Pragmatic criticism has clearly defined expectations of the relationship between the text and the audience. This type of criticism views the work as something that has been created to achieve certain effects on the audience (such as aesthetic pleasure, moral instruction, certain emotions, etc. ) and it judges the work according to whether or not these effects have been achieved. Pragmatic theorists believe the purpose of their text is to teach a lesson that has no end that stays with the audience forever. (Biographical Criticism, 10) Williams uses his characters’ desire of escape to demonstrate the WANT to just get away from our realities… to just never exist as a means of solving all our problems.
His use of symbolism throughout the play just enhances the lesson we learn. It’s easy to escape, but it’s selfish and irresponsible to leave or family, friends, and lives behind. We need to be strong and overcome the weakness within us. The play uses many symbols which represent many different things. Many of the symbols used in the play try to symbolize some form of escape or difference between reality and illusion. He attempts to illustrate what people do to remove themselves from their problems by creating an alternate reality.
Tennessee Williams in “The Glass Menagerie” is trying to send a message that running away is not the way to solve life’s problems. The only escape in life is to face and try to overcome the predicament in order to solve temporary problems that almost always seem permanent. The three main characters who illustrate this need most clearly are Amanda, Laura and Tom. Trapped within the confines of a St.
David The chaos from my teenage sister's birthday party was deafening. Somehow through the noise, I registered that the phone was ringing. Jumping up, my sister answered it in hopes of hearing her boyfriend's voice. A look of concern and confusion crossed her face as she handed me the phone. She mouthed the word 'David' as I placed the receiver to my ear. Immediately I began fighting off a panic I ...
Louis apartment building and the Great Depression, the Wingfield family dreams of escape: budding poet Tom envisions a future on the open seas, his sister Laura retreats from the resent into a fantasy world of glass animals, and matriarch Amanda waltzes through her past with seventeen gentlemen callers from the Mississippi delta of her youth. The first symbol of escape, presented in the first scene, is the fire escape. The play opens with Tom addressing the audience from the fire escape. This entrance into the apartment provides a different purpose for each of the characters.
Overall, it is a symbol of the passage from freedom to being trapped in a life of desperation. The fire escape represents the “bridge” between the illusionary worlds of the Wingfield and the world of reality. This “bridge” seems to be a one-way passage. But the direction varies for each character. The fire escape allows Tom the opportunity to get out of the apartment and away from his nagging mother Amanda and his HANDICAPPED and painfully shy sister Laura.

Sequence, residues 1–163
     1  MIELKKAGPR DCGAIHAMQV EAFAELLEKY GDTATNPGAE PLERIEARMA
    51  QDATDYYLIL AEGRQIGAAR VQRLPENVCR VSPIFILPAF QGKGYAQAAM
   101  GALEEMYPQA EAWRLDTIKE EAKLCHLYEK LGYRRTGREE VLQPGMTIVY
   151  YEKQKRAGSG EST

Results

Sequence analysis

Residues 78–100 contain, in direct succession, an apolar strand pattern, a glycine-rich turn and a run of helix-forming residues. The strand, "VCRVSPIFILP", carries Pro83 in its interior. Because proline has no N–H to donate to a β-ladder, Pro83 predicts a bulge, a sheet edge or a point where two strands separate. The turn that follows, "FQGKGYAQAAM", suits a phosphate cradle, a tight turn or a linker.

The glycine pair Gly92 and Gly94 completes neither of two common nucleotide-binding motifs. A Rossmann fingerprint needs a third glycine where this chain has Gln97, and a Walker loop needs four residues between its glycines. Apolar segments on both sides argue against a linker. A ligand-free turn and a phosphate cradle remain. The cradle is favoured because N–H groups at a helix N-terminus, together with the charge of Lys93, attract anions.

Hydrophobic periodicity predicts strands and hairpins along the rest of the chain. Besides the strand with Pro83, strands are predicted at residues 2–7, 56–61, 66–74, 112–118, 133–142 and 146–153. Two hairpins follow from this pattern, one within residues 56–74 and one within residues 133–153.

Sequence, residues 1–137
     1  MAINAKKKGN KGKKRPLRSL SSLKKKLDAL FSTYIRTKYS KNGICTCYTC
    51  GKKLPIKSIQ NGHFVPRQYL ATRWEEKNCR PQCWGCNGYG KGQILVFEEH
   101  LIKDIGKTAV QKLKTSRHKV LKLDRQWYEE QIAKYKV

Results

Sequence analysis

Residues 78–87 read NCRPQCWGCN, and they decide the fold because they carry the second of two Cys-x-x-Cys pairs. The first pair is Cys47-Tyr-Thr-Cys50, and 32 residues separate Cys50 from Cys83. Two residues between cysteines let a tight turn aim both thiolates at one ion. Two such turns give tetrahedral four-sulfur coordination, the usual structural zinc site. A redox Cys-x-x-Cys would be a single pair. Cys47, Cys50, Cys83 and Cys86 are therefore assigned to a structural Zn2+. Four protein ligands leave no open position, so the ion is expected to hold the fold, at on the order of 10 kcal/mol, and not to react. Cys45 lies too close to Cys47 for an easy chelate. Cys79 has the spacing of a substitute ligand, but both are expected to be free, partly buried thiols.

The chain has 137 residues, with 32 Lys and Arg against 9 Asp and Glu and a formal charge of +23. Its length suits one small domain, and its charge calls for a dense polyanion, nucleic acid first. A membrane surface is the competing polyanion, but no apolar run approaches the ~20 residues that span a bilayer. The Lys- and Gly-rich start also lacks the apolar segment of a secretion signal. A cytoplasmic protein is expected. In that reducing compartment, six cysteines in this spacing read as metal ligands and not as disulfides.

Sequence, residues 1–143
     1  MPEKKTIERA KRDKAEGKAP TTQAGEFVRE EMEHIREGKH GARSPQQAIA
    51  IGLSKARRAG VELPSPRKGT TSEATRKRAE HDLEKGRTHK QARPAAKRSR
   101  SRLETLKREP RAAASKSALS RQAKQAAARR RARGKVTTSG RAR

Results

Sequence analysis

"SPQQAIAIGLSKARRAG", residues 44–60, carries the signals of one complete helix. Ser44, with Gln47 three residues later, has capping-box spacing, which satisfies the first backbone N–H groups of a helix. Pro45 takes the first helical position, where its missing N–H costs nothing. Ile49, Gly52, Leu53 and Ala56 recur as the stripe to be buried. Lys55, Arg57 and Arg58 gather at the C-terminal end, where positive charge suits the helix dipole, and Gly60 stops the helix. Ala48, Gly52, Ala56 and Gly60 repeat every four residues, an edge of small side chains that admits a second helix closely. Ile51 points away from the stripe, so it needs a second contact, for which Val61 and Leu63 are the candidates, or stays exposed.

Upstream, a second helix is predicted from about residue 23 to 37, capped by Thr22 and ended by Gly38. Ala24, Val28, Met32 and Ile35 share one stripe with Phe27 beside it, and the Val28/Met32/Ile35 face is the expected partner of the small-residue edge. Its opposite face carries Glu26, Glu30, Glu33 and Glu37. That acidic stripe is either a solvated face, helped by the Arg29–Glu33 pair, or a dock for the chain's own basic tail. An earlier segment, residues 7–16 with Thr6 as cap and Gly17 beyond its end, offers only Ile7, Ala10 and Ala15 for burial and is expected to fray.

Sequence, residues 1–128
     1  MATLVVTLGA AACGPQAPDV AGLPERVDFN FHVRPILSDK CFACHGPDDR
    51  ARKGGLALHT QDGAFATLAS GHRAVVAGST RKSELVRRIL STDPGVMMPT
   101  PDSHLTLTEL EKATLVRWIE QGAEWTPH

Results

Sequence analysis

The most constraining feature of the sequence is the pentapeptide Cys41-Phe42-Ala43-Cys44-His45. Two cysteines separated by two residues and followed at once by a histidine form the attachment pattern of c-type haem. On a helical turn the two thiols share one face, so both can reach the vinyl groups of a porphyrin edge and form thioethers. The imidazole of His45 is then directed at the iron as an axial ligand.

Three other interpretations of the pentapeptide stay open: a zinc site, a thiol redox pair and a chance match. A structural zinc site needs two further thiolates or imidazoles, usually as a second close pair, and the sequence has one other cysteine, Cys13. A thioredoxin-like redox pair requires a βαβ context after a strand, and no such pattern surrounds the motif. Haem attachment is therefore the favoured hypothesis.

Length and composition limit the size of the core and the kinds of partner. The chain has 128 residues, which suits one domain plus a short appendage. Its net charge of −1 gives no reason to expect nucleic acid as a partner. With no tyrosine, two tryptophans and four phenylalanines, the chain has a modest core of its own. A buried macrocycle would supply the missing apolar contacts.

Tom will stand outside on the fire escape to smoke, showing that he does not like to be inside. (Scene 1, pg. 3) Tom’s habit of going to the movies shows us his longing to leave the apartment and head out into the world of reality. A place where one can find adventure and leave all problems at the door. But Amanda, who criticizes him as being a “selfish dreamer”, keeps him from entering reality. “Every time you come in yelling that Goddamn ‘Rise and Shine! Rise and Shine!’ I say to myself, ‘How lucky dead people are!” But I get up, I go! For sixty five dollars a month I give up all that I dream of doing and being ever! And you say self-self’s all I ever think of.
Why, listen, if self is what I think of, Mother, I’d be where he is-GONE!” (Part 2, Scene 3, pg. 23) Amanda sees the fire escape as an opportunity for gentleman callers to enter their lives. Laura’s view is different from her mother and her brother. Her escape seems to be hiding inside the apartment, not out. Her escape is being confined by the walls that keep her in her house. We can clearly see that each of these characters act in ways many of us act today.
... fire escape; an escape and a refuge. Amanda uses it as an escape; it is the only way a gentlemen caller can come and rescue Laura. ... Laura, it is an escape from the world. She is proven weak when she has to leave the apartment and stumbles. Tom uses it ... in this final passage of Williams' drama. Tom states in his final speech, 'the world is lit by lightning'; (Williams 115). This ...
Sometimes we too, like Tom, would like to get away from it all: the stress and burdens of everyday life are enough to drive one insane. Other times we long for someone to come along and ease our pain much like Amanda feels. And who can forget the times when we wish the world simply would not exist. It is normal to feel such things, however we see that it is truly not healthy to feel like that.